Fishing tips and practical information

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Get up-to-date information on Scotland's fishing river levels, catches and local services while you're on the move.

  • Close up of a fisherman’s fishing rod and reel by the River Annan
    Fishing on the River Annan
  • An instructor teaches a woman fly fishing on the River Tay
    Learning to fish on the River Tay
  • Close up of an angler's homemade flies at the Sawmill Pool on the River Nith
    Homemade flies by the River Nith
  • Anglers fishing from a small boat on Punds Water, mainland, Shetland
    Punds Water on the mainland, Shetland

Scotland offers some of the best freshwater and sea angling in the world and with fishing all year round, there is something for every fisherman. Find more information about fishing seasons, permits and conservation issues about fishing in Scotland.

Permits and licences

To fish in Scotland you do not require a rod licence from the government or environment agencies. The costs and rights to fish in various waters are controlled by landowners, fishing associations, angling clubs and commercial fisheries.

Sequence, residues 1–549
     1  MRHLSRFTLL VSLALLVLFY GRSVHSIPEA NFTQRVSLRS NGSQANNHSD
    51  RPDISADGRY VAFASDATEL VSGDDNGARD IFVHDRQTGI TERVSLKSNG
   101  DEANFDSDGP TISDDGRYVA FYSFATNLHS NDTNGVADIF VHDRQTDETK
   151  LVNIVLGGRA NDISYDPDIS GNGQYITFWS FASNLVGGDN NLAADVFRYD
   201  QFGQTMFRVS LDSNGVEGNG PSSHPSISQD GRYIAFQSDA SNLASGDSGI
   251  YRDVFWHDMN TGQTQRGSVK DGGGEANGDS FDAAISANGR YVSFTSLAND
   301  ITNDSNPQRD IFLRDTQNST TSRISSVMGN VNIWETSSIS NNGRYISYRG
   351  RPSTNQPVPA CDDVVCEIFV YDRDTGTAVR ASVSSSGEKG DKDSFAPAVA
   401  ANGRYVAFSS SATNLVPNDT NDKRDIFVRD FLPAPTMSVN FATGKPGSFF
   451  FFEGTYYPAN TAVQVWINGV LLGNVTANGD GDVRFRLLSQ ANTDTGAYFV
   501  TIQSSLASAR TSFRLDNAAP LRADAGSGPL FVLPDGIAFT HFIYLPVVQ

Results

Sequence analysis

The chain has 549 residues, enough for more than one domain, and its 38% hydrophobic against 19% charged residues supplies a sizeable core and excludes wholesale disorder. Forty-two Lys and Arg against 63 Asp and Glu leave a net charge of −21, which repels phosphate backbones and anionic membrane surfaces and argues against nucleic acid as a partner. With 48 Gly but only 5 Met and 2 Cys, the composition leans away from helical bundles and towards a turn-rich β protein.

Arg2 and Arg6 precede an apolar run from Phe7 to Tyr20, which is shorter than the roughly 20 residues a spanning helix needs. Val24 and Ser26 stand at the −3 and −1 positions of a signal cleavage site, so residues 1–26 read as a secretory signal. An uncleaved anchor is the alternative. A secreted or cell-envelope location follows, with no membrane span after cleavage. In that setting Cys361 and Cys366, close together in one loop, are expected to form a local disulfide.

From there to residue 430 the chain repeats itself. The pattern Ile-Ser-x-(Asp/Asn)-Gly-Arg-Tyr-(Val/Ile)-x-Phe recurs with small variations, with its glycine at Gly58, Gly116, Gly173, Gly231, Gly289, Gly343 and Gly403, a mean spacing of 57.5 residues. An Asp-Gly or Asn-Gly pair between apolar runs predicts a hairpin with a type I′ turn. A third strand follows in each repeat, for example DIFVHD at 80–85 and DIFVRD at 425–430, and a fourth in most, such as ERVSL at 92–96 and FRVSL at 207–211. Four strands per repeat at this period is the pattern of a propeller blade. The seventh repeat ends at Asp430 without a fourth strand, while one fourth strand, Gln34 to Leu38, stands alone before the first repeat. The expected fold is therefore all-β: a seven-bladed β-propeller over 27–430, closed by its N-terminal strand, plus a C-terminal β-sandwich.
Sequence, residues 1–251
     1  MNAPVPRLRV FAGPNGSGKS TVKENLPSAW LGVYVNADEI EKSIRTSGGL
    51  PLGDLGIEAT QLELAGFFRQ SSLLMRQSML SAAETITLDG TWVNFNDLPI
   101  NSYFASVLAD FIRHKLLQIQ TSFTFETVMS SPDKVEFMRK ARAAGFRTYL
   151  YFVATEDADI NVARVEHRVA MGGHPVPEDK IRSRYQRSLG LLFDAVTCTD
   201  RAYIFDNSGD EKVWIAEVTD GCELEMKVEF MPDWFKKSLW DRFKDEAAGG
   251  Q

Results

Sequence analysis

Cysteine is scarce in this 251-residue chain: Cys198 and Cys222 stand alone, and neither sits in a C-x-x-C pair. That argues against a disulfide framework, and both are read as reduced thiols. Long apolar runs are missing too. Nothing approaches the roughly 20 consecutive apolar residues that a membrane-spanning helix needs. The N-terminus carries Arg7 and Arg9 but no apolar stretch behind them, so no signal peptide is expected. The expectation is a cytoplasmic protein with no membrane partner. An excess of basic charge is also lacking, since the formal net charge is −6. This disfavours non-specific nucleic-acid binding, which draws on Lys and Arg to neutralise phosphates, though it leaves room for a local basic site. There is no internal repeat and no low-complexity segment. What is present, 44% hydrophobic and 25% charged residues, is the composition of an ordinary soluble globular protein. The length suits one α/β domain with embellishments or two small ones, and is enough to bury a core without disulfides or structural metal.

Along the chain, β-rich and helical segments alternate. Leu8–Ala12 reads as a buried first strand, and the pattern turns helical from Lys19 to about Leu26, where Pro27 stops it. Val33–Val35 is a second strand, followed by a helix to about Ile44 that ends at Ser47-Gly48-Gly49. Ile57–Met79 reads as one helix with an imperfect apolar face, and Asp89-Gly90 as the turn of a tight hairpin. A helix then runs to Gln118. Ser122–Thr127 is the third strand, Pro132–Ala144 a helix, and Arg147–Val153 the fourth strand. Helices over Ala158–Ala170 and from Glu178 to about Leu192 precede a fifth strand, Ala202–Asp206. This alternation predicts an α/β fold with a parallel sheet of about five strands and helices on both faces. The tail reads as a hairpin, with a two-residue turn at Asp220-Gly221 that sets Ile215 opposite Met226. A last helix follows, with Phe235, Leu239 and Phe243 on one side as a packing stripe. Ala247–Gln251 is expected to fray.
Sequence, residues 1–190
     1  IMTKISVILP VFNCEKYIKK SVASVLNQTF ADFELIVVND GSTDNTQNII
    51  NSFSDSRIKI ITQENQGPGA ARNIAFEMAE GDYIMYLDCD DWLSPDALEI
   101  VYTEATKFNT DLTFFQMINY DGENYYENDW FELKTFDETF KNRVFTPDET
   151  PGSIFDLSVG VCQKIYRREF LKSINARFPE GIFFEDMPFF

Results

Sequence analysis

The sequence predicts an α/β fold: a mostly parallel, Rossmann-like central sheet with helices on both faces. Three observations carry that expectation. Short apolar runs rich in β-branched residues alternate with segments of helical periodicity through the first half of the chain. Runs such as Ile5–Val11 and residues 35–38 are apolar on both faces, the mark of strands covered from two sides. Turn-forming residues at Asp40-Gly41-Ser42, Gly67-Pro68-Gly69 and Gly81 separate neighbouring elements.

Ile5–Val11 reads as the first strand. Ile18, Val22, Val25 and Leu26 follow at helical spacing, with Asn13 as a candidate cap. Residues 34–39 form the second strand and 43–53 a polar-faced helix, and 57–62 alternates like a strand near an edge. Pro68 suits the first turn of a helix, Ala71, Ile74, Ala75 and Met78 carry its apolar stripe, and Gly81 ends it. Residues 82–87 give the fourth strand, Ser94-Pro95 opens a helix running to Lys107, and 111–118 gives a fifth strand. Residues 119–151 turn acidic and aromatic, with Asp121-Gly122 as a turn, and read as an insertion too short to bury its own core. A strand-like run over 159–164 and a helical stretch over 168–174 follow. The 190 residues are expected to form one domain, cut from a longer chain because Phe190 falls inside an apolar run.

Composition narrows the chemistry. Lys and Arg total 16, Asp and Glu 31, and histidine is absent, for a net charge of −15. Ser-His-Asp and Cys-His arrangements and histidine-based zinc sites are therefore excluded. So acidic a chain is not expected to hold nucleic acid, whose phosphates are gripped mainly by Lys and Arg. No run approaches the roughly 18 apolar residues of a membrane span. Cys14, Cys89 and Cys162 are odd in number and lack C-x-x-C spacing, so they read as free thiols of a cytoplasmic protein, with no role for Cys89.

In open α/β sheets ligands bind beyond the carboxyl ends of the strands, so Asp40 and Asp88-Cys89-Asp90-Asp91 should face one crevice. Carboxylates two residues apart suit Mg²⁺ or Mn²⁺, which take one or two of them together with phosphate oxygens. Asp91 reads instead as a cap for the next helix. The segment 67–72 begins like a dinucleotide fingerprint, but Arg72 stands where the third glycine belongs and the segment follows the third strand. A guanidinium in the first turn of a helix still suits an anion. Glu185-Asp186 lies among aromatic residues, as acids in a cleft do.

This means you require a separate permit to fish each individual water, sometimes even for different stretches of the same river.

Remember to check your permit and any literature provided by the proprietors as this will stipulate what bait and methods are allowed, as individual fisheries and rivers sometimes impose restrictions on these areas, either all year round or at certain times of the season.

Closed season

Scotland’s salmon fishing season varies from river to river but you can usually fish successfully between 11 January to 30 November.

The official brown trout season runs from 15 March to 6 October, however, some rivers in Aberdeenshire and the Highlands do not open until the 1 April.

There is no legal closed season for rainbow trout, grayling, coarse or sea fishing, although some fisheries do not operate in winter. You should always check the season dates on your permit before you start to fish.


Fishing for salmon and sea trout on a Sunday is strictly prohibited. However, it is not illegal for other forms of fishing and most still water fisheries operate on Sundays.

Fishing for brown trout on a Sunday is legal but is frowned upon on some rivers.

Keeping fish

In Scotland it is a criminal offence to sell your catch of salmon or sea trout, so you must always return your fish to the river unless you intend to eat it.

In the interests of conservation, many rivers run a catch and release policy or impose limits on how many fish you can take for yourself. There are no legal restrictions for other types of fishing, but some fisheries may impose a limit.

To help get the best out of your fishing trip, check recent catches and river levels.

For further information and advice on fishing in Scotland request a free Fish in Scotland Brochure or visit the Fish in Scotland website which includes details of instructors, guides and ghillies who are on hand to help.

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